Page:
Having a ‘soft’ office will only become a distraction, unless you have the willpower of a person on a constant deadline, and that’s not sustainable for anyone. Having a ‘soft’ office is not a great idea, and deters from the idea that you’re creating an office within your home. Lounging about the house, in bed, on the couch, in a comfy armchair, and trying to get work done is going to become confusing and blur the lines, so take pride in your appearance, shower, get dressed just like you would for work and take your seat at your dedicated work station each day –– you’ll feel all the better for it.
Still, be comfortable
Choose a chair. Choose a chair you’re happy to spend 8-10 hours on daily. Choose one that works with your own body. Choose a chair that aligns to your desk or workspace, and fits within the space allocated just right. If you don’t already own this chair, invest in one. Of course, stand as much as you can throughout your day (sitting is the new smoking, according to health professionals) and if you have the benefit of a standing table you’re already winning at working from home. But, if you’re confined to a sitting desk for most of the day, really consider the chair you’re going to have. Working from an uncomfortable, heavy, unstable or improper chair is going to have negative effects on both your productivity and your mood down the line. It may be fine for the first day or two, but problems may start to emerge.
Don’t be cramped
You might find your office desk in your workplace is either seriously clean and organised or a little all over the place –– your home office doesn’t need to be a mess, though. This is the option to create a tailor-made workspace that will benefit you exactly how you need it to, so make the space - however large or small - work for you.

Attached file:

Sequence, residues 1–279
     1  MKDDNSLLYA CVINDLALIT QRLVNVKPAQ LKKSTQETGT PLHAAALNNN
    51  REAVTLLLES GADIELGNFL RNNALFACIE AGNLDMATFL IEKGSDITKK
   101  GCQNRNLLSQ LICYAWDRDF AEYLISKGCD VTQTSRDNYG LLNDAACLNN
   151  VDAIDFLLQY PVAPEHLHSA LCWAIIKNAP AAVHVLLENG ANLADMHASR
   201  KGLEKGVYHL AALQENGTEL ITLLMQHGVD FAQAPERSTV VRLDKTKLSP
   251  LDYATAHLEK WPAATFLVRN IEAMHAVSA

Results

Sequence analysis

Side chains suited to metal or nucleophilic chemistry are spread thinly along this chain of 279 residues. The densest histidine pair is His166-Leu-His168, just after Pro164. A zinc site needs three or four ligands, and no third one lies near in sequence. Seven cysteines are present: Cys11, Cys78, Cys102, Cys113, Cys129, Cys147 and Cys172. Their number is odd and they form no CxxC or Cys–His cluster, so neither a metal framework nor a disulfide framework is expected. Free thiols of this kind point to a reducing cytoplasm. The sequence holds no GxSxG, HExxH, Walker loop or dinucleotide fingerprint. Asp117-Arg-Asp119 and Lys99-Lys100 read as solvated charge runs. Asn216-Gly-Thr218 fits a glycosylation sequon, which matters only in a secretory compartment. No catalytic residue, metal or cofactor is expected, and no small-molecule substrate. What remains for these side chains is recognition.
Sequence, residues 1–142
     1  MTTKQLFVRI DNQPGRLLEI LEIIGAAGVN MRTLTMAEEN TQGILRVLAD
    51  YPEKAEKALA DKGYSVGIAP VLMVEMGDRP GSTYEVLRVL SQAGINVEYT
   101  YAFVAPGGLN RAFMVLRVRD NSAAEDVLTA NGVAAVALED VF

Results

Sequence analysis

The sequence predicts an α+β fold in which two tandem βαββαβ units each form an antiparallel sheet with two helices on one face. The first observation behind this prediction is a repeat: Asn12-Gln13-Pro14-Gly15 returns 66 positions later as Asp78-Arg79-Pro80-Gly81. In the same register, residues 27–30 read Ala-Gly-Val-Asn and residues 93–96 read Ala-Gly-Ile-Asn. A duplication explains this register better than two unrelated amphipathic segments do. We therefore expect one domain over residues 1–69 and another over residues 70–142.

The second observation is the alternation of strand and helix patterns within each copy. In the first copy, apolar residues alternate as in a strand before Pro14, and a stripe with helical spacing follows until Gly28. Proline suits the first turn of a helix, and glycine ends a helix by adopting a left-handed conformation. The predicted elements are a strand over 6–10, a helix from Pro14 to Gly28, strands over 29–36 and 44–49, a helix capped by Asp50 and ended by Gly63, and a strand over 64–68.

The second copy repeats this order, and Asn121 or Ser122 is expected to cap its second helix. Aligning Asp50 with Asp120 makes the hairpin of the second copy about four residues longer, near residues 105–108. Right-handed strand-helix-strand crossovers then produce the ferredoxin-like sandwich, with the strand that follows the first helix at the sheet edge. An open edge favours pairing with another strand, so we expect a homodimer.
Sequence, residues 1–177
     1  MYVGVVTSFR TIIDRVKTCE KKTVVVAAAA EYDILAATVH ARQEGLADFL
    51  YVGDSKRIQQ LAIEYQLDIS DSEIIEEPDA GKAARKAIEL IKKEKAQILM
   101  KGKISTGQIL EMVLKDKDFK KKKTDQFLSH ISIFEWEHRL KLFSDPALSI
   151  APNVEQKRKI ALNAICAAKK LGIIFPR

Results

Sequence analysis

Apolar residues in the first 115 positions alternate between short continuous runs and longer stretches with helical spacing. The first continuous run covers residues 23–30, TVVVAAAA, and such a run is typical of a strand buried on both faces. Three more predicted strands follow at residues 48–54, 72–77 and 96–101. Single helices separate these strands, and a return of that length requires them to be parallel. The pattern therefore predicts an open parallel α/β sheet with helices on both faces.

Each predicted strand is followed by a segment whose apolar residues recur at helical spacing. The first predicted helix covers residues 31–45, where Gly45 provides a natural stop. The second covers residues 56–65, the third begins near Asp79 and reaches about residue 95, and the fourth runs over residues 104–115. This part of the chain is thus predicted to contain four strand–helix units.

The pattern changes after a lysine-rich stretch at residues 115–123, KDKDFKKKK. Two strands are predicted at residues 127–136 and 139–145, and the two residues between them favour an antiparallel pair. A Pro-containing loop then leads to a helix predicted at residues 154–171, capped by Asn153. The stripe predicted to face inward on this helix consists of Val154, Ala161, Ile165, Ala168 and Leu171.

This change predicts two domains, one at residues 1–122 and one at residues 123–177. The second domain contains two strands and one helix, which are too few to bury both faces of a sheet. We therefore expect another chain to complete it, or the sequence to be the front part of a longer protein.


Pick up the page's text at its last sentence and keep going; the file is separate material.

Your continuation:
Whether you need lots of space for drawings or equipment or you just need a small desk for a computer and a phone, recognise your needs and form them into your space. Being cramped or surrounded by other stuff will impede your work and just represent a distraction or a frustration later down the line, so try make your new workspace as functional and clear-cut as it can be. If in doubt, clear it out.
Desktop over laptop
Not all of us have access to several computers at home, and if your company has only issued you a laptop, that’s perfectly fine –– a computer of some sort is going to be your most essential aspect; the heart of your office. Desktop computers offer more size and space on the screen, so are superior for their functionality, plus having your laptop on your lap or constantly being looked down at isn’t good for your posture or your concentration, looking up at a screen set permanently at eye level on a desk or shelf is far better for you and for office ergonomics.
Monitors, mouse, keyboard
If you, or someone close to you, has a spare monitor it may be a great idea to borrow it for a second screen, too. If a laptop is all you’ve got, make sure you use it in your dedicated “office desk” space, rather than moving it around all the time. A great tip for sticking to this is investing in an external mouse, rather than relying on your trackpad. Not only is this better ergonomically, but it also forces you to work from a flat, sturdy surface, i.e. a desk. It may even convince you to invest in an external keyboard, too…